Exploring nickel reactivity in C–H activation chemistry
Nickel has historically sat in the shadow of its big brother palladium, though in recent years its distinct reactivity has led to it stealing some of the limelight (almost literally) with impressive applications in photoredox catalysis and reductive cross-coupling chemistry. In contrast, palladium still reigns supreme for C–H activation chemistry, with nickel being plagued by the need for extreme temperatures (>130°C) and poor functional group tolerance.
In 2015, Melanie Sanford’s group at the University of Michigan, US, demonstrated a highly atypical Ni(iv) species that was able to mediate C(sp3)–O, –N and –S bond formation with reduction to Ni(ii) at room temperature.1 This proof of principle was far from demonstrating a viable catalytic Ni(ii)–Ni(iv) redox system and did not address the C–H activation step, but it offered hope for finding new reactivity using nickel.
The Sanford group has since shown room temperature C(sp2)–H activation using a similar highly electrophilic Ni(iv) species, though they were unable to demonstrate subsequent functionalisation of the activated bond.2 They proposed this was because the lack of a vacant coordination site on nickel prevented an inner sphere sp2 reductive elimination. Therefore, as they were striving to demonstrate catalytic turnover for a Ni(ii)–Ni(iv) redox cycle, they turned their attention to sp3 C–H functionalisation.3 For such a reaction, bond formation is presumed to proceed via an outer-sphere mechanism and therefore a vacant coordination site is not required.
The team began by treating a Ni(ii) complex with N-fluoro-2,4,6-trimethylpyridinium triflate (NFTPT) in dichloromethane, and observed room temperature activation of a C(sp3)–H bond in only 10 minutes. This formed a mixture of two Ni(iv) complexes in near-quantitative yield (figure 1). They went on to isolate the triflate and demonstrate its reactivity with NMe4F (figure 2), generating a new C–F bond in 36% yield with the major by-product being the previously observed fluorine complex that appears unreactive, presumably due to the poor leaving group ability of fluorine.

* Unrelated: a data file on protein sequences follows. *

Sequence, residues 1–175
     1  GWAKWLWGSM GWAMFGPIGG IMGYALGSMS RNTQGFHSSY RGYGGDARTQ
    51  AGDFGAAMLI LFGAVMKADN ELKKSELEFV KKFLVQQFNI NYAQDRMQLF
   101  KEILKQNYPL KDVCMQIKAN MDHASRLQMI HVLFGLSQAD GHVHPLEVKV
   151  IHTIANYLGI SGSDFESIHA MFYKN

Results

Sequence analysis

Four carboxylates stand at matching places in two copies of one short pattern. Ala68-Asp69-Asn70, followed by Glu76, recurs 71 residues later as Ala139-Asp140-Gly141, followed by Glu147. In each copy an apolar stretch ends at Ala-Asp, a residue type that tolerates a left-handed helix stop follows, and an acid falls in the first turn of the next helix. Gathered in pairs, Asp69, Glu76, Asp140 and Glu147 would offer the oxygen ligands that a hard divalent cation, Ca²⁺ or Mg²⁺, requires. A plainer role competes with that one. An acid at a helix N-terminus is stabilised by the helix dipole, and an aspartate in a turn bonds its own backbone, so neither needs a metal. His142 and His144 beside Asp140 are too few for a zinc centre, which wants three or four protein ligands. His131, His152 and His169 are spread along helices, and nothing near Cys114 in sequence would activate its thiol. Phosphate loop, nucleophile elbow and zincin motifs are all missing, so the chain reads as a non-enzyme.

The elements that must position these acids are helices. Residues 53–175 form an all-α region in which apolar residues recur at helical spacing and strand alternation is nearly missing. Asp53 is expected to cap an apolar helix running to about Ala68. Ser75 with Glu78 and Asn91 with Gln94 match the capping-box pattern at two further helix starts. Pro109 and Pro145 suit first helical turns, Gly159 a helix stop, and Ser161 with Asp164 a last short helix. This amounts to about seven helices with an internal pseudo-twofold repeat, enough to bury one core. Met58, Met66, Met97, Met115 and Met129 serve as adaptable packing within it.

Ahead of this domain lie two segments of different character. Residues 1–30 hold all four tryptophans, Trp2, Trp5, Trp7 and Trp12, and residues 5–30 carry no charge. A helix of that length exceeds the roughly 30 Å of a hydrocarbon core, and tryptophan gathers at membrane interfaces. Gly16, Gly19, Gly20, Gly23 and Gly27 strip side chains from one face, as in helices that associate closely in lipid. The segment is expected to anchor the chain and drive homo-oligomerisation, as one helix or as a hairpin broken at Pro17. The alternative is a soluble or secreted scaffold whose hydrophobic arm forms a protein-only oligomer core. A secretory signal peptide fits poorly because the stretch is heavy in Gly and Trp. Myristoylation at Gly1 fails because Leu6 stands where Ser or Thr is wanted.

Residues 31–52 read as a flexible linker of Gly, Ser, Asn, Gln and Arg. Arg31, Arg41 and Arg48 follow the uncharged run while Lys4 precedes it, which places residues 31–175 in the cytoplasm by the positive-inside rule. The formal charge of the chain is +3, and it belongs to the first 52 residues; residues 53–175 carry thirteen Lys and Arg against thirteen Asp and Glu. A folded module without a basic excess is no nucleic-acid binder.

Further reactions with the Ni(iv) triflate species and oxygen, nitrogen, sulfur and carbon nucleophiles gave isolated products in high yield. Reaction rates were highly dependent on the nucleophilicity of the reagent, supporting the outer-sphere mechanistic proposal. The most interesting product came from reaction with a chloride nucleophile, as a subsequent intramolecular quaternisation of the pyridine ligand/substrate provided an excellent opportunity to demonstrate catalytic turnover.
Having demonstrated the critical elementary steps – oxidative mediated C–H activation and reductive functionalisation – the team suggested that the pyridinium product from the reaction with chloride should be less chelating than the bipyridine starting material, and therefore offered the potential for ligand exchange and catalytic turnover. In addition, the chloride anion could potentially displace fluoride if the ‘unproductive’ fluoride species is formed, and prevent irreversible formation of the catalytically unproductive species. With some optimisation, the team showed that following dropwise addition of NFTPT to the reaction mixture, they were able to form the product in 76% NMR yield with 20 mol% of catalyst. This gives a turnover of just under four, meaning that a mole of the catalyst can convert four moles of substrate before it inactivates (figure 3).
Although a turnover of four is not anything to write home about, and the carefully designed substrates are certainly not giving interesting products, Sanford and her colleagues have again shown that careful study of fundamental reactivity can open the door to untold future potential. In a time where academics are judged as much on throughput as content, work that highlights a true commitment to understanding reactivity should be praised.